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PROBATE 22: Deed set aside due to constructive trust.

In this case, the probate court removed the son as his mother’s co-guardian because he was blocking then 93-year-old’s interactions with other family members. After the court’s order, the son remained as co-conservator and exerted control over his mother’s real estate as she had previously signed a quitclaim deed naming her son as a joint tenant with full rights of survivorship. The son used this interest to evict other relatives from The mother’s home. He then made repairs and secured paying tenants.

As the mother’s co-conservator, the son was required to file accounts explaining the use of The mother’s assets. Throughout the proceedings, the son did not timely file these accounts, leading to court intervention.

After learning of the son’s interference with his mother’s family relationships, the court scrutinized his later accounts more closely and found them overly generic, lacking in supporting documentation, and mathematically inaccurate. The court therefore denied the son’s request for fees for his services. The court decided to end the conservatorship on October 28, 2016. The court also ordered the son be removed as the beneficiary of a life insurance policy intended to cover the mother’s funeral expenses, an order to which the son agreed. The court also rejected the son’s explanation that he had loaned his mother money to stay afloat and repaid himself by using his mother’s credit to purchase furnishings for his own home.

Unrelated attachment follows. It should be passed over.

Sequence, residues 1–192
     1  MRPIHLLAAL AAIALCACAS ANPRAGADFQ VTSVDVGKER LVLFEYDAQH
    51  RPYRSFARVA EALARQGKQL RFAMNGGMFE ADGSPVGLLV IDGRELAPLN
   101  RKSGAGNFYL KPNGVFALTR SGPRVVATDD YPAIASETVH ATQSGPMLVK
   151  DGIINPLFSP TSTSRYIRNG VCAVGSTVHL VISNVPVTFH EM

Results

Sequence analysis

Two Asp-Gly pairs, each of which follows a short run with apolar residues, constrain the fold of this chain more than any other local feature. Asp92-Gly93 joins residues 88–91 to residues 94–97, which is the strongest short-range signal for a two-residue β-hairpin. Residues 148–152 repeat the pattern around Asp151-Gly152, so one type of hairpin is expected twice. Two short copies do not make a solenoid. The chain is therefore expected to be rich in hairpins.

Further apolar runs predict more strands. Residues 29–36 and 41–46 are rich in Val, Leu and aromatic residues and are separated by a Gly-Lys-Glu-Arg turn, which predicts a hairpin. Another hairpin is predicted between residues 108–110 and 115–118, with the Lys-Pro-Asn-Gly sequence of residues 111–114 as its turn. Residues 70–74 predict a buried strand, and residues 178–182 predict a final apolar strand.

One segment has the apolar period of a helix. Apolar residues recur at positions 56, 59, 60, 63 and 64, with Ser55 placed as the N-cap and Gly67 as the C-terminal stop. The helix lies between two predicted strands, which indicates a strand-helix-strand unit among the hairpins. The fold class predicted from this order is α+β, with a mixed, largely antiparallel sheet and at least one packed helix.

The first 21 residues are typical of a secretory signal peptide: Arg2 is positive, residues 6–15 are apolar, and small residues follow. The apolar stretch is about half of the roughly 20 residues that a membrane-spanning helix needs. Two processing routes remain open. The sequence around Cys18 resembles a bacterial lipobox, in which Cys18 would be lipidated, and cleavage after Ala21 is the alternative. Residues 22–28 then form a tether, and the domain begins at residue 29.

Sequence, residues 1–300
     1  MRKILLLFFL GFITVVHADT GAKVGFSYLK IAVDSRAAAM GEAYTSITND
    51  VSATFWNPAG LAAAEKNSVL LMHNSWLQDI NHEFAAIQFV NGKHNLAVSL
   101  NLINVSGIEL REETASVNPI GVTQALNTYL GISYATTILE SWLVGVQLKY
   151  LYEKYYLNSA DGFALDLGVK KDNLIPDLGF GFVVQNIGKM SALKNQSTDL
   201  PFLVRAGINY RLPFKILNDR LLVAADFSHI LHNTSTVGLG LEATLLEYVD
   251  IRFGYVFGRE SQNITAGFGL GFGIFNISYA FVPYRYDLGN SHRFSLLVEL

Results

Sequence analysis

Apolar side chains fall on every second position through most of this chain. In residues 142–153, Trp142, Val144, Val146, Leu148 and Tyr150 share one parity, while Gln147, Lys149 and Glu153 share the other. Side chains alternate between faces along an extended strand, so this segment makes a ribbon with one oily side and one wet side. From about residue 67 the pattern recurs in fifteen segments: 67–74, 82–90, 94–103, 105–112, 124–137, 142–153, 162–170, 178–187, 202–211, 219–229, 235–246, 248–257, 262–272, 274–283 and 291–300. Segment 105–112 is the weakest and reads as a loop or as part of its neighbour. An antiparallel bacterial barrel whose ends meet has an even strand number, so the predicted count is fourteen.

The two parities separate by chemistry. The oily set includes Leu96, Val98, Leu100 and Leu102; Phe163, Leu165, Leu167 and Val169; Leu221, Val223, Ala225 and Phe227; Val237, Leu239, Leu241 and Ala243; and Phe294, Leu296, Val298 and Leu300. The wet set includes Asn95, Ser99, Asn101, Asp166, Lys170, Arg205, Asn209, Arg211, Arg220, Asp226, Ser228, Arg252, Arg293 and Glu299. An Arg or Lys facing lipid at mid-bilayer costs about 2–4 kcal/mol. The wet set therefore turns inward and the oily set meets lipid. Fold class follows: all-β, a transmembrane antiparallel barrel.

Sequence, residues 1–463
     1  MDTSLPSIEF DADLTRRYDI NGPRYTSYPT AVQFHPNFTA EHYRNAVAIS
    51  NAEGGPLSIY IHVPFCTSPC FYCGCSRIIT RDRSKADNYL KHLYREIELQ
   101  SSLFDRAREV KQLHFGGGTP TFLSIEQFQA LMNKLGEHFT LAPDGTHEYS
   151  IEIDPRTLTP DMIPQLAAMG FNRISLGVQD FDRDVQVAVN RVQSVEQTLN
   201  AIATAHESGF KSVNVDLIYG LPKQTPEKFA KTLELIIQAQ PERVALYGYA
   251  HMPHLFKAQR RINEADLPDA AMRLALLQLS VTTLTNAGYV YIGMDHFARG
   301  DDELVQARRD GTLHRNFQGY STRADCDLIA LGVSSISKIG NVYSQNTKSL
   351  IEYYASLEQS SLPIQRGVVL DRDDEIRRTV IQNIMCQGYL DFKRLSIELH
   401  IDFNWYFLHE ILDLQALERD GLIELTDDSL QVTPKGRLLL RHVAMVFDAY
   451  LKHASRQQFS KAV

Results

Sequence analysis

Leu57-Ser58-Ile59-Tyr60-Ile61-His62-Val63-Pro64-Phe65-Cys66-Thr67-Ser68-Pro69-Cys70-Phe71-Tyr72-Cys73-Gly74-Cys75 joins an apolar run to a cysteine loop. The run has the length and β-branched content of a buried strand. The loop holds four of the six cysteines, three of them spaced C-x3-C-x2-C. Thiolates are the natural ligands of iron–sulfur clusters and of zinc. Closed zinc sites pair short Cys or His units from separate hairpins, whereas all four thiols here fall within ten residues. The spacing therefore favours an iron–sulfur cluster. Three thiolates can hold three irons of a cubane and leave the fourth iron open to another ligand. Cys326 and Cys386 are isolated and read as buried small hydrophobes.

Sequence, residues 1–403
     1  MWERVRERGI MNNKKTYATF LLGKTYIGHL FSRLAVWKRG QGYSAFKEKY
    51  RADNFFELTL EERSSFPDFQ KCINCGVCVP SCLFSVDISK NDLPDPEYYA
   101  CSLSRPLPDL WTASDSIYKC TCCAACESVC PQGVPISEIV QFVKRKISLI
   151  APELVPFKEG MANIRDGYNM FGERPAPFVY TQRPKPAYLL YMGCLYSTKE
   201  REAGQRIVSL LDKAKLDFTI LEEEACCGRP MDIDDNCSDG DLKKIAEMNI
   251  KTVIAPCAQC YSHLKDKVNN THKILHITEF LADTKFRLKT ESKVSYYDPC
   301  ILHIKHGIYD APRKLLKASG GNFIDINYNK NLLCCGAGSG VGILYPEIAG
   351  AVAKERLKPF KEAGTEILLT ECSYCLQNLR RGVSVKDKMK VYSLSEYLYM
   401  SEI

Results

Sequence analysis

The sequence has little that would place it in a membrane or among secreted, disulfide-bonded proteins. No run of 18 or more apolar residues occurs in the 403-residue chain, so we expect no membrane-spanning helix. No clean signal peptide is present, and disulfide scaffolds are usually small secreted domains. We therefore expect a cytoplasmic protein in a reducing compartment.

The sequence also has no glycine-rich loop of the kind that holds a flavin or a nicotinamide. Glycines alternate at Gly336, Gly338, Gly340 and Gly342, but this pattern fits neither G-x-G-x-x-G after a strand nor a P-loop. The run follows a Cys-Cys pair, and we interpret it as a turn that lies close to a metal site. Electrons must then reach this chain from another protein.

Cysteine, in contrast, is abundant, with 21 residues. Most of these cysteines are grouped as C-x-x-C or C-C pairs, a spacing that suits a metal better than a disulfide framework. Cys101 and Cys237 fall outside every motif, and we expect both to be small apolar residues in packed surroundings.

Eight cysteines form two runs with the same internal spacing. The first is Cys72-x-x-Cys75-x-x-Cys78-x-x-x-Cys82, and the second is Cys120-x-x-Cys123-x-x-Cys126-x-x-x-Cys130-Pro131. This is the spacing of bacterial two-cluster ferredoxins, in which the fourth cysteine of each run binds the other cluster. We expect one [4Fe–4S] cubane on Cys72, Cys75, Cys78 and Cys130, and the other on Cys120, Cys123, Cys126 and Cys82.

During these proceedings, several petitions seeking to set aside the deed were filed.

At an evidentiary hearing, the mother testified that she executed the deed because her son was trustworthy and honest. She explained that he had performed various repairs to the home so that it could be rented. The mother further explained that her intent was to have her son split the home among all of her children when she passed away. However, it became apparent during these proceedings that the son intended to keep the home for himself.

The probate court cited three grounds to set aside the quitclaim deed: (1) The mother mistakenly believed that her son would follow her wishes after her death and share the home with all of her children; (2) the equitable remedy of a constructive trust, and (3) the son’s breach of fiduciary duty by accepting the quitclaim deed while he served as the mother’s power of attorney.

A constructive trust is the formula through which the conscience of equity finds expression. When property has been acquired in such circumstances that the holder of the legal title may not, in good conscience, retain the beneficial interest, equity converts him into a trustee.

The probate court properly imposed a constructive trust and ordered the son to sell the mother’s home after she had deceased.